Aug 11 2014

Incentivisation, I haz it

New books receivedToday brought me a modest haul of new books, these being the only ones I could remember from my missing-presumed-lost/recycled/eaten by dust-bunnies “Books to Buy” list. I have made myself a promise that I will not so much as crack the covers until THE DRAGON HOUSE is packed off to my editor.

Since I like reading about as much as I like breathing, I’d better crack on, eh?

I tweeted a picture of this lot as soon as I unpacked them, but for reasons known only to themselves HTC have seen fit to pair their phone’s pre-loaded Twitter client with bloody Yfrog, which has an unspeakably ill-formed splash page and does horrible things to image sizes, hence this post.

I really need to get my arse in gear and sign up with Tumblr or summat for those social-media-on-the-go moments. I am *such* a technophobe. Also too busy Actually Doing Stuff That Keeps The Lights On Around Here, which is likewise responsible for my lack of:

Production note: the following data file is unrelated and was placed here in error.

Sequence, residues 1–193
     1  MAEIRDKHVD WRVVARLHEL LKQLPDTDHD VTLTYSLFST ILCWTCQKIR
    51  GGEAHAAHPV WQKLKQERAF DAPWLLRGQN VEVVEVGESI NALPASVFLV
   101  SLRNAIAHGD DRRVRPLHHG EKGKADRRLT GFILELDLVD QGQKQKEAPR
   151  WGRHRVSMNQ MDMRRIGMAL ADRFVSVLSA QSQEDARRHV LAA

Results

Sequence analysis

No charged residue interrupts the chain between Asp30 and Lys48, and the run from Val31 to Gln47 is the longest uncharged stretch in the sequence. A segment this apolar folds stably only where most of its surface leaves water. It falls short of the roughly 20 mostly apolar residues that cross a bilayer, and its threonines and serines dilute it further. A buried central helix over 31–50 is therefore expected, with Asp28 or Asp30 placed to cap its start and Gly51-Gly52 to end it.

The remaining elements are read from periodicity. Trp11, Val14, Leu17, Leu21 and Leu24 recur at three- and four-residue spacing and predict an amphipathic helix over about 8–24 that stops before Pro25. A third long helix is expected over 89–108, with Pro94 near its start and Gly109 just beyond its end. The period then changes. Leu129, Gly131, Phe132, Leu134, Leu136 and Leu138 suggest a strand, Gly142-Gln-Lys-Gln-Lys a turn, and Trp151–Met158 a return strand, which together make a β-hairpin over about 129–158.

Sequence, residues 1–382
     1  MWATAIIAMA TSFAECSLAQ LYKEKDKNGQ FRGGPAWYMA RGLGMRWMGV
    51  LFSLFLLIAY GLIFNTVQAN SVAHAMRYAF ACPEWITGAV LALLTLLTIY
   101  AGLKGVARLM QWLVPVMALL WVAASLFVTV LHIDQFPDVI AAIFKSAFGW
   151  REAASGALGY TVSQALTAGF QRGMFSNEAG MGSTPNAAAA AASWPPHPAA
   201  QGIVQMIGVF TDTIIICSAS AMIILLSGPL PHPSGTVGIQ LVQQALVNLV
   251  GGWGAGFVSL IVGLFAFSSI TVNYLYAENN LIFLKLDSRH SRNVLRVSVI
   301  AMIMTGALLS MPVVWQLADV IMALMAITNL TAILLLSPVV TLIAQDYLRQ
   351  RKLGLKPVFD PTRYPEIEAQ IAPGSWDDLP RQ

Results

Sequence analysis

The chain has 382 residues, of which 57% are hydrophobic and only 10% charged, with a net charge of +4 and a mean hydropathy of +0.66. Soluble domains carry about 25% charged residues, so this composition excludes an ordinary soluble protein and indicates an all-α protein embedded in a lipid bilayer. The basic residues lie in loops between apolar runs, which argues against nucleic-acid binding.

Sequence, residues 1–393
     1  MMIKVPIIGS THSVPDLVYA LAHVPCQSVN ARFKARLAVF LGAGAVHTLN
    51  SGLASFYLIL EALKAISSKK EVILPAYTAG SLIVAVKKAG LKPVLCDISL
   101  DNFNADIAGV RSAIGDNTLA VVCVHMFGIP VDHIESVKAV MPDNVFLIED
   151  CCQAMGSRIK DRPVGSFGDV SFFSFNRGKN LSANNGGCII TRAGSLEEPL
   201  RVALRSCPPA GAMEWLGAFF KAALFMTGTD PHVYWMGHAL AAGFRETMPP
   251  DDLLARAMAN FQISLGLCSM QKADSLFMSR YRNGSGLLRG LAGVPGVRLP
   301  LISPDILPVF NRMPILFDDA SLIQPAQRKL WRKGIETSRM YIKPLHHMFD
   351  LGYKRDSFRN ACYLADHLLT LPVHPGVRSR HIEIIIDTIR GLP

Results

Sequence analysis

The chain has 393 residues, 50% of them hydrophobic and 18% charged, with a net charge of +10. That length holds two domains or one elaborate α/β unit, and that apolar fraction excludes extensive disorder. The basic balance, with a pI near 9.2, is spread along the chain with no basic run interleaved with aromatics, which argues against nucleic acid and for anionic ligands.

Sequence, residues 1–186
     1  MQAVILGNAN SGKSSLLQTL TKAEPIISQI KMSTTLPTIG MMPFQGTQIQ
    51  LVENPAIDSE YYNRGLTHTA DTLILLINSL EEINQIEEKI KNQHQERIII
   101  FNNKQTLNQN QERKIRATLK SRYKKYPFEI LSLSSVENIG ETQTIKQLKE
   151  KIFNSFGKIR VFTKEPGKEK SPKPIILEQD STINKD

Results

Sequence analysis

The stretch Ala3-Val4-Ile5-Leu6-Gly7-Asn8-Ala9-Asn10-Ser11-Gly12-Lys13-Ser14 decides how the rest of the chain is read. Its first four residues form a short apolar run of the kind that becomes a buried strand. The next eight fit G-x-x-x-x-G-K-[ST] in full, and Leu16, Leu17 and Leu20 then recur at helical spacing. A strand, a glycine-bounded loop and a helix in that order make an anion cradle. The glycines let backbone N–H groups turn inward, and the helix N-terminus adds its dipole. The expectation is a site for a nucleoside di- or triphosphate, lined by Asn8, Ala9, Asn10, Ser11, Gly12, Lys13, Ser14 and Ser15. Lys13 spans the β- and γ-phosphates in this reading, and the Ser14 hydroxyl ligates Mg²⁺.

• blogging regularly
  • self-promotion
  • updating the website
  • learning Scrivener
  • redrawing the map for the Wild Hunt Universe
  • getting a haircut

I don’t know how my fellow writers manage to do all this and hold down a day job.

 

 

Jul 30 2014

Where in the world . . . ?

Excerpt from original map. . . or why The Wild Hunt doesn’t have a map.

Pick up a fantasy book and you’re almost guaranteed to find a map somewhere upon its person: tucked in behind the flyleaf, gorgeously painted on the endpapers (Wheel of Time hardbacks, anyone?) or even as the outer jacket itself, like those splendid Joe Abercrombie ones.

The map seems to be an accepted – indeed expected – part of the fantasy furniture. Secondary world = must have a map (con-lang pronunciation guide, glossary and cast of characters optional). Some readers even feel faintly cheated if there isn’t one: a dimension to their immersion is missing.